Chillin'Competition

Relaxing whilst doing Competition Law is not an Oxymoron

A Brave New World: The Potential Intersection of Competition Law and Data Protection Regulation (by Orla Lynskey)

with 5 comments

Intro by Alfonso: Some days ago someone sent me a link to a an opinion issued by the European Data Protection Supervisor dealing with the interface between data protection, competition law and consumer protection.  I already expressed some views on this in a post published last year: Data protection and antitrust law (positing my view that there’s nothing new under the sun), but this time I thought it’d be interesting to have the view of someone who’s an expert not only in competition law, but also in data protection stuff. I found the ideal guest blogger to cover this issue: Orla Lynskey, a very good friend, and an extremely promising academic in the field of IT Law who’s been assistant at the College of Europe, competition lawyer at Howrey, case handler at DG Comp, holds a PhD in European Data Protection Law from Cambridge University and is now a lecturer at LSE focusing on data protection and competition law. I leave you with her:

 

In late March the European Data Protection Supervisor (EDPS), an agency which oversees compliance with data protection rules by EU institutions and advises on the development of data protection law within the EU, issued a preliminary opinion on the intersection of data protection, consumer protection and competition law. Both scholars and the EU institutions have been musing on the relationship between data protection and competition law over the past few years. However, despite this attention, it is not yet apparent whether, and if so how, these two fields actually intersect.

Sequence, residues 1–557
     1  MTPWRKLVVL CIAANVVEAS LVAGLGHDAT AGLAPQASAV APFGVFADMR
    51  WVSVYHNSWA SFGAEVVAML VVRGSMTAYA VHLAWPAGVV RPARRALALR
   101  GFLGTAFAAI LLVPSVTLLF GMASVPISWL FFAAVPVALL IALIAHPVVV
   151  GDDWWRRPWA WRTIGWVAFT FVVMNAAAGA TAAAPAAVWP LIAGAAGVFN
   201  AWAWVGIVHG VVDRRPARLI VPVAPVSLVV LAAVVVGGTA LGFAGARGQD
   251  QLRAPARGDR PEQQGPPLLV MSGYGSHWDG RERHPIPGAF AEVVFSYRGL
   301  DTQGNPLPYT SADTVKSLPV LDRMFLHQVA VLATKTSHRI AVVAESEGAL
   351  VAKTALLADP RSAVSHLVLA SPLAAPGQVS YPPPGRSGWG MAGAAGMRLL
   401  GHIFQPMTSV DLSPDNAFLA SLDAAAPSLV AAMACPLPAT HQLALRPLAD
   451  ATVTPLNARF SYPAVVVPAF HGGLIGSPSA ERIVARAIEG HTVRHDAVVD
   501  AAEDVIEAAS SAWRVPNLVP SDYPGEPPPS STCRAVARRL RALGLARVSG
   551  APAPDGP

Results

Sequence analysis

Kuschewsky and Geradin have recently published a paper on the impact of data protection in Commission investigations and in particular in dawn raids. The use of fundamental rights as a shield to secure procedural guarantees is now well integrated in competition law (think, for instance, of the integration of ne bis in idem in transnational competition procedures). This narrow intersection between data protection and competition law should therefore come as no surprise.